# The mathematics of democracy

With only a few days left until the U.S. presidential elections, I thought it would be appropriate to write about some of the mathematical and teaching opportunities an event like this provides. Especially because this has such a high profile in the general public, talking about election-related mathematics is much easier than just talking about math on any other day. Here are a few of the things that I have been talking about with my family during dinner, sharing with friends on facebook, and if I were teaching classes this semester I would like my students to read and discuss.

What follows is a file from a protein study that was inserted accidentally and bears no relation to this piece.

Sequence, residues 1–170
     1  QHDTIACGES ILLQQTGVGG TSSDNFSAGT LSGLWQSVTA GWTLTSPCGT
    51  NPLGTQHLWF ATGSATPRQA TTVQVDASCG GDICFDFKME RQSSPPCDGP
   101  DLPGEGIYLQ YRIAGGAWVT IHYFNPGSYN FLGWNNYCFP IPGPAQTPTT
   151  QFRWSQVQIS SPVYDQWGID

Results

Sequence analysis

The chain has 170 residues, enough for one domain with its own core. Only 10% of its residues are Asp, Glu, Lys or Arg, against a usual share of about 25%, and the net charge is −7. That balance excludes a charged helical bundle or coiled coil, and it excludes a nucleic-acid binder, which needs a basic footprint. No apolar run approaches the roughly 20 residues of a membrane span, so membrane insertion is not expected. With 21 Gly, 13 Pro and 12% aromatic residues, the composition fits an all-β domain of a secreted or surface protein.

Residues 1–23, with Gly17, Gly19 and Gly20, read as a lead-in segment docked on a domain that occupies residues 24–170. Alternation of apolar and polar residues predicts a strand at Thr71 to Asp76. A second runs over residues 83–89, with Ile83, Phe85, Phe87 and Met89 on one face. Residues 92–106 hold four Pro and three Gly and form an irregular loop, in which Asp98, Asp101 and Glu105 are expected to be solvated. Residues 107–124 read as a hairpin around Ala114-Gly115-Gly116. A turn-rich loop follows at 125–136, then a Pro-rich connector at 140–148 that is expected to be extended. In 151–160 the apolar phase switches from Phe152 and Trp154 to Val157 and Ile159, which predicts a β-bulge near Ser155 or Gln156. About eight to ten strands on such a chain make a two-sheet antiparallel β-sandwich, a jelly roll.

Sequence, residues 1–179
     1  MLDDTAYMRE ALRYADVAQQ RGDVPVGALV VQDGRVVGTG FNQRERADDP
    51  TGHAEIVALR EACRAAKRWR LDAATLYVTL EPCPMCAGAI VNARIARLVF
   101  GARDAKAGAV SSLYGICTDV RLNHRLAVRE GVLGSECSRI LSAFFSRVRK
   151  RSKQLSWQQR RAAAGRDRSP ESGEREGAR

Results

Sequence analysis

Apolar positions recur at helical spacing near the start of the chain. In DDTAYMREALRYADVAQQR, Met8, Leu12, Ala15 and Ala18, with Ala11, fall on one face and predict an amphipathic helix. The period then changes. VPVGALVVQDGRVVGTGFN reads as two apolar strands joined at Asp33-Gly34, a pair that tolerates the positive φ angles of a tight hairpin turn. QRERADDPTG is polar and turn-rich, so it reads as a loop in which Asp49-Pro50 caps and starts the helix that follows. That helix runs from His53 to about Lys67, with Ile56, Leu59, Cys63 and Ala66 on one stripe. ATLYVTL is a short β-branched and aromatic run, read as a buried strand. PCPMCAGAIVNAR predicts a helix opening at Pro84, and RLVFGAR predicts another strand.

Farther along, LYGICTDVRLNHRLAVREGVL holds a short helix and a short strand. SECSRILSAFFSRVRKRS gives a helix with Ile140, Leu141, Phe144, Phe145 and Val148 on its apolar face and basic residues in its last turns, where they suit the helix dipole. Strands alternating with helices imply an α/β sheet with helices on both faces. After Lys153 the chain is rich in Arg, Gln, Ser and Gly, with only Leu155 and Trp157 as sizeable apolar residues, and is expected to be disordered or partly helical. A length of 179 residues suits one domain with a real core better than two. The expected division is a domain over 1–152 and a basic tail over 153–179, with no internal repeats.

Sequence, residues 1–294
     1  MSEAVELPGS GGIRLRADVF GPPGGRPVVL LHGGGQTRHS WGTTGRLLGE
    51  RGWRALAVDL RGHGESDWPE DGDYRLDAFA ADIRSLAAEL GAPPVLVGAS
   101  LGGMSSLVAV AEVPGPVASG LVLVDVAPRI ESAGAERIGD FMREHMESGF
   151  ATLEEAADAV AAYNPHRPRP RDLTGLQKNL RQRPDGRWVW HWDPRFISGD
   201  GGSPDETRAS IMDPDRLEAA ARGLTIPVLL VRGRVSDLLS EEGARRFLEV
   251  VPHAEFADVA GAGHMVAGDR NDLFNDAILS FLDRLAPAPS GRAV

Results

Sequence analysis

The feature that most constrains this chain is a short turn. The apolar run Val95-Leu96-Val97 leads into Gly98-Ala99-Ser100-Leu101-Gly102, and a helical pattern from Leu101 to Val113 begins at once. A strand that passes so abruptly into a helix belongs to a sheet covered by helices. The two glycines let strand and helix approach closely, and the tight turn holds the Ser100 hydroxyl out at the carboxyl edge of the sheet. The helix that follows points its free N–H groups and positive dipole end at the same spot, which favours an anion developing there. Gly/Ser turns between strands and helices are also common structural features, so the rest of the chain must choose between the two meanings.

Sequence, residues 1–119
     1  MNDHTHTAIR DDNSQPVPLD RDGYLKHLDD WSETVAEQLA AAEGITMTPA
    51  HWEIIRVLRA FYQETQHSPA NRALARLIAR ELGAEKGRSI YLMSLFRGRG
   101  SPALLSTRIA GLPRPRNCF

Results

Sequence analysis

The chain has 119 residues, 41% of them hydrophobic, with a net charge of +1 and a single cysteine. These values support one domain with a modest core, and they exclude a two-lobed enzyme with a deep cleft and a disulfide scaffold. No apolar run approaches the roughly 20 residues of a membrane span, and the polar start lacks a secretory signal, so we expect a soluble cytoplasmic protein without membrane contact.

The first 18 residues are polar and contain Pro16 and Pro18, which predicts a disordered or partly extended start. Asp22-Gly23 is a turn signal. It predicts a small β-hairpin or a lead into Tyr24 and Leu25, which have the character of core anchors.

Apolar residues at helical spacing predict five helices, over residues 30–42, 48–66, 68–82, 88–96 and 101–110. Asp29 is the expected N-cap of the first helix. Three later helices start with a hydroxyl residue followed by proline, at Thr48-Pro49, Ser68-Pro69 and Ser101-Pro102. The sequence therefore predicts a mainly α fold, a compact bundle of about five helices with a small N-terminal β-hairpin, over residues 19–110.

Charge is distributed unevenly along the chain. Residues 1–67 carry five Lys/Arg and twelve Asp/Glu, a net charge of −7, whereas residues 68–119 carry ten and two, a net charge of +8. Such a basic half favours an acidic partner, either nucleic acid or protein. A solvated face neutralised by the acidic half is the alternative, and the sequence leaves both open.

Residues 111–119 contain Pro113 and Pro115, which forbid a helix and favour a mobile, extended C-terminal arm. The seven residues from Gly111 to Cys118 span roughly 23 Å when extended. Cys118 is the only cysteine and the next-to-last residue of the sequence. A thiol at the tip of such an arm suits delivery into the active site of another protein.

1. Nate Silver and 538: One of my favorite things to read these days (and for the last month or so) is Nate Silver‘s blog, 538, on the New York Times site. Silver is a statistician who became famous for his predictive analysis of the performance of baseball players, and later on for his predictions on the 2008 elections based on polling data. I think this blog is filled with fabulous reading for a stats class. In particular, Silver is very careful to keep a very mathematical and level-headed point of view. He describes where he obtains all his data, where potential noise or inaccuracies may be coming from, and updates his predictions as more polling data gets published. In fact, he writes a post almost every day. I hope someone is having their students read this. A new, surprising development (at least, surprising to me), is all the backlash that Silver has been getting from some pundits in the media. Part of what Silver does is predict who will be the winner of the election, and given the polling data from each state and the general trends, he computes a probability of winning for each candidate. Conservatives seemed to be very angry that Obama gets (from Silver) a 77.4% chance of winning the election, and claim that his analysis is biased and inaccurate. The main problem seems to be that many people don’t seem to grasp that a probability, no matter how high, is not a certainty. Also, Romney is hardly playing the lottery here, many people would bet on those odds. A few friends of mine shared some good replies to the backlash, and in defense of Silver’s methods, like the Salon post, Jordan Ellenberg‘s blog post, and this response on the Washington Post. I think having the students read the criticism of Nate Silver’s predictions on Politico and then some of these responses would make for an excellent class discussion. Boy I wish I were teaching stats this semester. That is really the fun of it: seeing probability and statistics being used in a real-life situation and understanding when they are being used correctly or incorrectly.